In state secondary schools across the world a high level of demotivation is often observable among those in (roughly) the bottom half of the ability range. All those who have been close to the reality of British secondary schools are aware of disorder in the classroom and truancy: many NEETS, free of the obligation to attend, flee anything that looks like school even though it is supposed to be in their interests to continue. Employers bewail the attitude of applicants for employment, and the word ‘unemployable’ is heard. How can the unimaginable sums spent on state education have led to this?
The basic principle of Secondary Education is that it is academic, which is to say non-vocational. It is held to be liberating to enable all pupils of whatever background to consider the best that has been thought and said so that they may be able to aspire to a university education, proceeding into any occupation after that with a well-stocked, ‘trained’ mind. Supplying the universities was the raison d’etre of the public schools and the grammar schools which copied them. It was assumed without much thought that the curriculum in secondary schools must therefore be a miniature version of the curriculum of a university. Grammar Schools therefore looked like Public Schools, and so did Secondary Moderns but with less ivy on the walls. The view that ‘separate educational facilities are inherently unequal’, led to the replacement of Secondary Moderns by Comprehensives, it being assumed, perhaps, that the oikish behaviour in them was the result of fear of being looked down on in the golf club. Comprehensives would be ‘Grammar Schools for All’.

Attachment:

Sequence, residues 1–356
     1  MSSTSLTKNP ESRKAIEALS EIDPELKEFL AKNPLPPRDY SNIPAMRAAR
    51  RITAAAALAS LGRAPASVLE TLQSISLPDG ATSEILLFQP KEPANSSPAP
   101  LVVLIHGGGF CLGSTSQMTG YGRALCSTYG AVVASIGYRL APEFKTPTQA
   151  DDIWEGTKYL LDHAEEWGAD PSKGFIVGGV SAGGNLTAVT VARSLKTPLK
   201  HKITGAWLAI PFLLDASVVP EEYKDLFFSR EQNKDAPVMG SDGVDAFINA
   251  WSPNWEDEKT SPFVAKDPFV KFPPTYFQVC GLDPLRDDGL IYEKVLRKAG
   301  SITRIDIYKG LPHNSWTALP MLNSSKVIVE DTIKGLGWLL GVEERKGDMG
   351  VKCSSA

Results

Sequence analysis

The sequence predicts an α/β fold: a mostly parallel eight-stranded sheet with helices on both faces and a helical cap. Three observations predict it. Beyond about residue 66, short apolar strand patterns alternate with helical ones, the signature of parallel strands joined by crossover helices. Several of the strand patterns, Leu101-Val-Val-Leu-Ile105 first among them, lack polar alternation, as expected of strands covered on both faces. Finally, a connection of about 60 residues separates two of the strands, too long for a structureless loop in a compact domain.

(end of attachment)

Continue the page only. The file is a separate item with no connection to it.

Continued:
The academic curriculum made a certain amount of sense in the public schools in terms of careers as colonial administrators or the management of family estates, and in the grammar schools as providing an escape ladder from the grim prospect of working class life. In Wales, for example, education was worshipped as the way out of the pits. With the added encouragement of being beaten for non-compliance, the laborious trek round what John Dewey called ‘the spoils of mind’s former conquests’ proceeded.
Grammar Schools and Public Schools often had/have Old Boys’ Associations. Friendship, sporting triumphs and shared suffering led to considerable nostalgia for ‘the happiest days of your life’ and high membership of these institutions. Memories of sporting triumphs and japes against the teachers are re-lived by the well-heeled bourgeois the alumni have become. Even though the Wars of the Roses and Quadratic equations were not particularly exciting, they were accepted as part of the rite of passage. Very few Secondary Moderns or Comprehensives have such organisations. Llanelli Grammar School, a beacon of educational achievement before comprehensivisation, became a bear garden inside a term as the old grammar school staff went to work on the lower half of the ability range with their tried and trusted methods. Instead of being a secure environment in which children could thrive, fear stalked the playgrounds, corridors and classrooms of such schools. Subjects which required continuous effort in school and at home, such as Modern Languages, collapsed. Teachers were assaulted and schools destroyed in arson attacks. When the pupils left, they did not found Old Boys’ Associations.